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Active Thinking: Turning the Brain on for Better Grades


Young girl sitting in class with her hand up

All students are active thinkers by nature, but not all students know how to be active thinker when it comes to classroom learning. And especially not when it comes to homework.

That’s because, like many other school skills—studying, organization, focus—active thinking is a skill that students need to be taught how to use. Then, like any other skill, it needs to be practiced and honed before it becomes second nature.

Try these tips to turn on active thinking skills in and out of the classroom:

  1. Before heading into class, pause for a moment and try to remember what was learned in the previous class. This primes the brain to get it ready to review information and learn something new.
  2. Participate in class discussions. You don’t always have to have the right answers to think actively in class and listen to other student’s questions.
  3. When taking notes in class—or at home— think towards the test and make note of any potential test questions in the margins of the notebook. (And take note of questions other students have asked in class.)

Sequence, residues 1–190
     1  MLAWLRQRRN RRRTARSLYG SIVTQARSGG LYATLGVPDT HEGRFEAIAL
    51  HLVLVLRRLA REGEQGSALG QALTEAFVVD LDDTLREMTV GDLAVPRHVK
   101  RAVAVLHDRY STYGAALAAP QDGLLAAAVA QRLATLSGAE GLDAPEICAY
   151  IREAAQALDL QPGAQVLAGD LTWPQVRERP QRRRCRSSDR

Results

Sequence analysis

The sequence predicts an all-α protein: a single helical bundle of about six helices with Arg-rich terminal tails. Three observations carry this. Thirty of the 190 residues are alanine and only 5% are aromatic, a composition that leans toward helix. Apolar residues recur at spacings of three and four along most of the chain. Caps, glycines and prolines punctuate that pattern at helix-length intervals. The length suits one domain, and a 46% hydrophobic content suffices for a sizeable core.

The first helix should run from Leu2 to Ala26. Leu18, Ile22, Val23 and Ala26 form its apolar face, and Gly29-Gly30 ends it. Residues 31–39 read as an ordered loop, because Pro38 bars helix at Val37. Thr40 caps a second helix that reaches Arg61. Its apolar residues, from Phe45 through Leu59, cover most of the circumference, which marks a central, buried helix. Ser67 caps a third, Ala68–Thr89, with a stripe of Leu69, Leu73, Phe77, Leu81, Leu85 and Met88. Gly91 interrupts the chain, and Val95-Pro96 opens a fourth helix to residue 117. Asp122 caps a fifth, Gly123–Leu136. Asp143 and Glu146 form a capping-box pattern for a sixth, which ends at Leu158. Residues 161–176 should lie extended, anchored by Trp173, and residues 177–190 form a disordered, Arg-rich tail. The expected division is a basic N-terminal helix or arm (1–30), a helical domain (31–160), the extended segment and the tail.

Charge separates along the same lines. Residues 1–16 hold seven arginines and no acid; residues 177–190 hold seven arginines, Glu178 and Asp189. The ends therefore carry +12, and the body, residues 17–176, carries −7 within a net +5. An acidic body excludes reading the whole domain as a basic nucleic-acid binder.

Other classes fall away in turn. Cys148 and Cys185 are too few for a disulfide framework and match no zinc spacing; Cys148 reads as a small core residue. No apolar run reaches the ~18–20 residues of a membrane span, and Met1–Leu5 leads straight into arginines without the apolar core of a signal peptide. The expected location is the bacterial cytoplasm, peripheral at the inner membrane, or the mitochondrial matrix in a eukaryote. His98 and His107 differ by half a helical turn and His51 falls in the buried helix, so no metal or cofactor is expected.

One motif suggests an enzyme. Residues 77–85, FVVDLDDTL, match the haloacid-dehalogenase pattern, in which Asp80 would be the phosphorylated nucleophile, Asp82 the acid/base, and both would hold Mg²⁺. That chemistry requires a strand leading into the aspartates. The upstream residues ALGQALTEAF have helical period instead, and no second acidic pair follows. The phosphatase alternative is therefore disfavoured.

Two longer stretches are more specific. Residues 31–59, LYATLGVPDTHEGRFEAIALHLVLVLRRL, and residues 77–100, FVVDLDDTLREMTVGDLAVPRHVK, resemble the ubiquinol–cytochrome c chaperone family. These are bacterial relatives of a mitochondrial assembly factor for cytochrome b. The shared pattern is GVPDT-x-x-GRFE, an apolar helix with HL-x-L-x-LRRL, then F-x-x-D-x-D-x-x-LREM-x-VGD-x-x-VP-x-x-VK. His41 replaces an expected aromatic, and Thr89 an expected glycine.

4. When reading or learning something new,  ask  if the new material calls to mind other material that is already known. Attempt to be draw similarities, no matter how random.
  5. When studying or doing homework, ask what is already known about a subject by performing a “mental review.” Then focus on concepts that were forgotten or overlooked. (If it’s forgotten on a mental review, it might be forgotten on a test too!)
  6. Set academic goals and work towards them. An active way to approach the learning process is by looking ahead and answering the “what’s next?” question. There’s always a test, a project, an assignment on the horizon. An active part of the learning process is knowing what’s coming up next, and being prepared.

Tip for Parents

Parents can encourage active thinking by prompting conversations about learning and by asking the right questions. Don’t just ask, “how was school?” Ask  more specific questions such as “how was math class?” and “what concepts did you learn today?”

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